In the early 1980’s William Bridges wrote his first popular book Transitions: Making Sense of Life’s Changes. His work found wide acceptance and Bridges became an internationally known speaker, author, and consultant advising individuals and organizations in how to deal productively with change.
In the 90’s he published Managing Transitions: Making the Most of Change, a guide for supporting change in organizations. Since then he has written several more related books with his most profound book on change The Way of Transitions: Embracing Life’s Most Difficult Moments in 2001.
In his first book Bridges makes some very important points about the human capacity to deal with change and the pattern that basically defines any change process. Bridges early writing significantly draws on studies by renowned anthropologists such as Arnold van Gennep, Victor Turner and Marcia Eliade that highlight the archetypal patterns of change and how these patterns can be so clearly observed in indigenous cultures.
Indigenous traditions show us how we as human beings always have supported significant experiences of change on the individual and community level through rituals of passages such as initiations. Today, however, in our families, communities and organizations we generally lack practices that help guide transition processes across the uncertain territory of change. Indigenous traditions have something to teach us about approaches to cultivating and harnessing the vital forces of change.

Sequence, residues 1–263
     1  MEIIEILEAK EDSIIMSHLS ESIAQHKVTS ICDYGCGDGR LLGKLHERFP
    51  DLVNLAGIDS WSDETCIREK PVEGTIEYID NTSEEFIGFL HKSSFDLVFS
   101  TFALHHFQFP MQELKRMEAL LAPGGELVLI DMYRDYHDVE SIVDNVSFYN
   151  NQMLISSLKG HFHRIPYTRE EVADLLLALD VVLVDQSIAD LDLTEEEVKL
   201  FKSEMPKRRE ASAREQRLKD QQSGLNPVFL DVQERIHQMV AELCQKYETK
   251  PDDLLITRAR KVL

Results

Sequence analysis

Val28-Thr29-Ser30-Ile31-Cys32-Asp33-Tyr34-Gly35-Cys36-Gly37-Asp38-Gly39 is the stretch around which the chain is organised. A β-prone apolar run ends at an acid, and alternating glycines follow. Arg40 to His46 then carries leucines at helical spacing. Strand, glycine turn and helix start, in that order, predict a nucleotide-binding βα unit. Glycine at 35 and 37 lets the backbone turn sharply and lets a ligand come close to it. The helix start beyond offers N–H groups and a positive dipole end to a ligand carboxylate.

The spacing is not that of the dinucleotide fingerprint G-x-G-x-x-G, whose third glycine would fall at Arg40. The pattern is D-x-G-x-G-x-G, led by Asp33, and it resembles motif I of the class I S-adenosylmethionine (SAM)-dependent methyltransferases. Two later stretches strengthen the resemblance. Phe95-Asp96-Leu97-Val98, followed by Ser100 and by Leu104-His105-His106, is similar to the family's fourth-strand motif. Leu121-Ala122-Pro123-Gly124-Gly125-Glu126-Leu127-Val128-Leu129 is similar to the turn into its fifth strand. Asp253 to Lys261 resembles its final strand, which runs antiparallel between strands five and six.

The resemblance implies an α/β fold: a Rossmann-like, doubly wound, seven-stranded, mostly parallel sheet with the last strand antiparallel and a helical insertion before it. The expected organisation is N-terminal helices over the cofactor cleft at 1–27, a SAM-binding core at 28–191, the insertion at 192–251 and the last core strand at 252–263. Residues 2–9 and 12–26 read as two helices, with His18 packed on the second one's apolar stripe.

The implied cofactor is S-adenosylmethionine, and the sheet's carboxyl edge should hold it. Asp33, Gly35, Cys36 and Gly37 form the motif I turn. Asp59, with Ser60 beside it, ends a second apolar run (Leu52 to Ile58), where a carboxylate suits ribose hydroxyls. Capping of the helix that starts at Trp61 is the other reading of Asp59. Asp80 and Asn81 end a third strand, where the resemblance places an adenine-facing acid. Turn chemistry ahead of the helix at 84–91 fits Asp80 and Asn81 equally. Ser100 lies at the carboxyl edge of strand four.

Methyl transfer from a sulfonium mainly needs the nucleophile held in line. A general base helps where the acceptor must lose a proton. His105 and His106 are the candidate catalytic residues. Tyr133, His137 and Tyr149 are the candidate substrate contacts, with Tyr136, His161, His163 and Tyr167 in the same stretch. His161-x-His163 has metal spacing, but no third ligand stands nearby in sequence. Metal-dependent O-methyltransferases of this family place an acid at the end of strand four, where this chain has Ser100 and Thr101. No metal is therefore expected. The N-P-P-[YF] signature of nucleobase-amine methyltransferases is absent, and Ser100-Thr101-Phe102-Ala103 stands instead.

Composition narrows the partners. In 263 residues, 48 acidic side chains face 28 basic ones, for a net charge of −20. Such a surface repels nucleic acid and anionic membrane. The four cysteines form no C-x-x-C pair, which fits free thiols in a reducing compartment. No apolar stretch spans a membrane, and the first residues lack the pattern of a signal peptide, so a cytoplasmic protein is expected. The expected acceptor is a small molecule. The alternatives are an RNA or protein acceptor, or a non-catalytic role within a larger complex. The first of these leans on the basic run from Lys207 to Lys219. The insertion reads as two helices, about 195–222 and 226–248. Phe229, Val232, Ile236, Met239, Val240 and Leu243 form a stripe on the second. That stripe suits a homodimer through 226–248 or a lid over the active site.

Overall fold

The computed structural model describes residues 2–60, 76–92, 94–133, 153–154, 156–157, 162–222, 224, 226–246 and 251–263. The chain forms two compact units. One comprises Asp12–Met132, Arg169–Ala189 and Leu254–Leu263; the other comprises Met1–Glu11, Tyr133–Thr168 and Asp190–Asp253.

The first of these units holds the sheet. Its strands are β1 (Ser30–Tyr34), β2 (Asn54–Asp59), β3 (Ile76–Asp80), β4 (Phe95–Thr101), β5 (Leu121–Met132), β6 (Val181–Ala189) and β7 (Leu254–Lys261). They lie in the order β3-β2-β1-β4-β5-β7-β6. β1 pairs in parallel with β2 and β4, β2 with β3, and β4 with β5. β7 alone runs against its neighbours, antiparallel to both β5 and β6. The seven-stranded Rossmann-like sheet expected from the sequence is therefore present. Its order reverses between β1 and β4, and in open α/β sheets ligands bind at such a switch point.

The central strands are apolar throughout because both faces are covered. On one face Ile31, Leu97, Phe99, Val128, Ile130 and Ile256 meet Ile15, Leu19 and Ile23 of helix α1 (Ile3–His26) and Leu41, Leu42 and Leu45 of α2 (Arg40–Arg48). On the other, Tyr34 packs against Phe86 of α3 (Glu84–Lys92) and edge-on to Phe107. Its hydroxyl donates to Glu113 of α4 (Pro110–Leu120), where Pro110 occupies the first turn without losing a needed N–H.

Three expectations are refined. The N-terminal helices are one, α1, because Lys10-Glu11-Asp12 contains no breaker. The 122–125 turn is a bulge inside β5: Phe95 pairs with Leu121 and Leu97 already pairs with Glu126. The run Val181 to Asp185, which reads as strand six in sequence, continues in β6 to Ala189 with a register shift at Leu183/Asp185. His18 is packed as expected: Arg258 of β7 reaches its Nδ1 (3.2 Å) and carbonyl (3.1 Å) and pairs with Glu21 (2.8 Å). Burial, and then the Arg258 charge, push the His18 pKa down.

Independently from Bridges’ writing, my own passion for understanding and working with change has led me to research indigenous cultures on three continents and dive deeply into anthropological studies and to translate my insights to my work with individuals and organizations.
These anthropological perspectives ought not to be underestimated. My doctoral research re-conceptualizes the three-phased rites of passage process into a more contemporary framework for supporting transformative change and development processes. Van Gennep in Rites of Passages was the first anthropologist to define the three-phased pattern of separation, neutral zone and new beginnings. Bridges and many others whose work with change leads them to research, learn about and build on the three phases of the change process.
In the next several posts I will reflect on a few key insights that Bill Bridges shares in his first publication on transitions.